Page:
Megaesophagus in Dogs

Megaesophagus is a generalized enlargement of the esophagus -- a muscular tube connecting the throat to the stomach -- with a decreased to absent motility. Esophageal motility is required for moving food and liquid down to the stomach.

 Megaesophagus is seen more often in dogs as compared to cats. Some breeds are born (congenital) with this problem; for example, wire haired fox terriers and miniature schnauzers. Other breeds reported to be predisposed to this condition include: German shepherds, dachshunds, great Danes, Irish setter, Labrador retriever, pug, and Chinese shar-pei.

 

Symptoms and Types

 Regurgitation is considered the hallmark sign of megaesophagus. Also, aspiratio pneumonia may develop due to the entrance of food or liquid into the lungs. Other common symptoms include:

 
  • Vomiting
  • Cough
  • Nasal discharge
  • Increased respiratory noises
  • Weight loss (cachexia)
  • Extreme hunger or lack of appetite (anorexia)
  • Excessive drooling 
  • Bad breath 
  • Poor growth

 Causes

 Megaesophagus can either be congenital in nature (born with) or acquired later in life. The congenital form is typically idiopathic or due an unknown cause; although it is rarely due to myasthenia gravis. The acquired form is also commonly idiopathic, but may also be due to: 

  • Neuromuscular disease (e.g., myasthenia gravis, myositis)
  • Esophageal tumor
  • Foreign body in esophagus
  • Inflammation of esophagus
  • Toxicity (e.g., lead)
  • Parasitic infections

 Diagnosis

 We will first ask you for a thorough history of your dog’s health. Then perform a complete physical examination on your dog and attempt to differentiate, with your description, whether it is regurgitating or vomiting, which is important in ruling out underlying diseases that cause vomiting. The shape of expelled material, presence of undigested food, and length of time from ingestion to vomiting (or regurgitation) will also help differentiate between these two issues.

 Routine laboratory tests, including complete blood count (CBC), biochemistry profile, and urinalysis results, are usually normal in dogs with megaesophagus. However, abnormalities related to underlying diseases or complications, like aspiration pneumonia, may be seen. Radiographic studies will show the enlarged esophagus filled with fluid, air, or food, and will help identify abnormalities related to aspiration pneumonia.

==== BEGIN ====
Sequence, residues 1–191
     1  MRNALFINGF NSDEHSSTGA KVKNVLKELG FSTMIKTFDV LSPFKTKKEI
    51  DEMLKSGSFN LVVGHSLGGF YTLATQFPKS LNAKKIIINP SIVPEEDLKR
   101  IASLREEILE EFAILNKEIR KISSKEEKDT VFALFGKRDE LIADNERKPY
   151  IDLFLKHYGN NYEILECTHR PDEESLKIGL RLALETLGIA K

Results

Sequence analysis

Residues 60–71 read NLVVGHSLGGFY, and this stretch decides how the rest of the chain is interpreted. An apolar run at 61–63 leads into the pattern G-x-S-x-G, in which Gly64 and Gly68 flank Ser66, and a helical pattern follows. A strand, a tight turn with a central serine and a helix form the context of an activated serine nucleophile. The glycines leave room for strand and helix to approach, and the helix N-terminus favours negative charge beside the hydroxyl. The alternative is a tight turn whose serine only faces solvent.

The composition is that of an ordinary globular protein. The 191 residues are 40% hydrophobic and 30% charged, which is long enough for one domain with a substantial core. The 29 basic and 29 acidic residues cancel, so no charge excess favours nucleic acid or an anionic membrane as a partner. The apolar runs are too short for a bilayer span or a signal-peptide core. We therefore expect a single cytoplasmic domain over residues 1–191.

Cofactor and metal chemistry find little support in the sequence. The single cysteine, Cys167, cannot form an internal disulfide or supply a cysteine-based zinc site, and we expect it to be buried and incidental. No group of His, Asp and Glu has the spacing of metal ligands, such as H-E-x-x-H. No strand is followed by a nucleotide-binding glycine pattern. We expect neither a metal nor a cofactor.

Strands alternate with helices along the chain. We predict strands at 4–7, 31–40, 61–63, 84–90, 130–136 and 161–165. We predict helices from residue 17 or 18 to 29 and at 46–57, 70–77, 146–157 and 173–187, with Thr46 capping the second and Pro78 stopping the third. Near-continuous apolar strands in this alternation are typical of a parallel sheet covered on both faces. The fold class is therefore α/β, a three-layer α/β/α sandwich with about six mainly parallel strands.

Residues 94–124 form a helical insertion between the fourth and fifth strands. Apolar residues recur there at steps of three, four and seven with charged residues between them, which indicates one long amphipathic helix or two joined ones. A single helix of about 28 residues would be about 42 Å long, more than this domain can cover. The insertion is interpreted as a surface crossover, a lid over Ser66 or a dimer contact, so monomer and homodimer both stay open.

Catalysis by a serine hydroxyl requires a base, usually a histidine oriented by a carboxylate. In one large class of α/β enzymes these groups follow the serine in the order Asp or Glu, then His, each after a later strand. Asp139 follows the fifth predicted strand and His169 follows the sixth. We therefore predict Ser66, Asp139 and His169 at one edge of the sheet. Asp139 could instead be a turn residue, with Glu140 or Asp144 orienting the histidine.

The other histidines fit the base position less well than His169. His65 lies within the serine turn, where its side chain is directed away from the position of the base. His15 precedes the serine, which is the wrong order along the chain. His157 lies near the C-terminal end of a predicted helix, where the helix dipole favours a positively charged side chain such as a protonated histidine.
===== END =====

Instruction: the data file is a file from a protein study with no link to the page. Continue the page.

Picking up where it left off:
Treatment

 The major goal of therapy is to treat the underlying cause. However, it is also important that dogs with compromised feed intake are meeting their daily nutritional requirements. Common food items recommended by the veterinarian will include liquid gruel, small meatballs, blenderized slurries, and other palatable, high energy foods.

 Depending on the underlying cause of the problem, surgery may be employed. For instance, in cases of a foreign body, it will be removed immediately to provide relief and prevent further complications. Aspiration pneumonia is another life-threatening problem that requires immediate hospitalization, where oxygen therapy, antibiotics, and other medications are used to treat the condition.

 

Living and Management

 Follow the guidelines related to care and nutritional requirements for your dog. Recumbent animals may require extra care; soft bedding and turning the animal every four hours are essential. If your dog is not able to take feed, your veterinarian may pass a feeding tube directly into the stomach for feeding purposes. He or she will teach you how to properly use such equipment, though it is important to clean it after each use. Regular weighing of your dog is also required to ensure it is at an adequate range (not losing too much, but not too heavy either).

 For patients able to take feed, special arrangements are required for correct feeding to prevent aspiration pneumonia. These animals are kept in an upright position for 10 to 15 minutes after eating or drinking, and both food and water bowls need to be elevated (45 to 90 degrees Fahrenheit) from the floor.

 You will need to visit your veterinarian for regular follow-ups to evaluate your dog and treatment progress. Thoracic radiographs are repeated if aspiration pneumonia is suspected. Laboratory testing will be repeated in cases with confirmed aspiration pneumonia diagnosis.

 Most dogs with megaesophagus require life-long therapy and commitment and patience from you. Unfortunately, dogs suffering from congenital forms of the diseases, or in whom the underlying cause could not be identified, carry a very poor prognosis. Some animals may die due to complications, like aspiration pneumonia.

 

 

 

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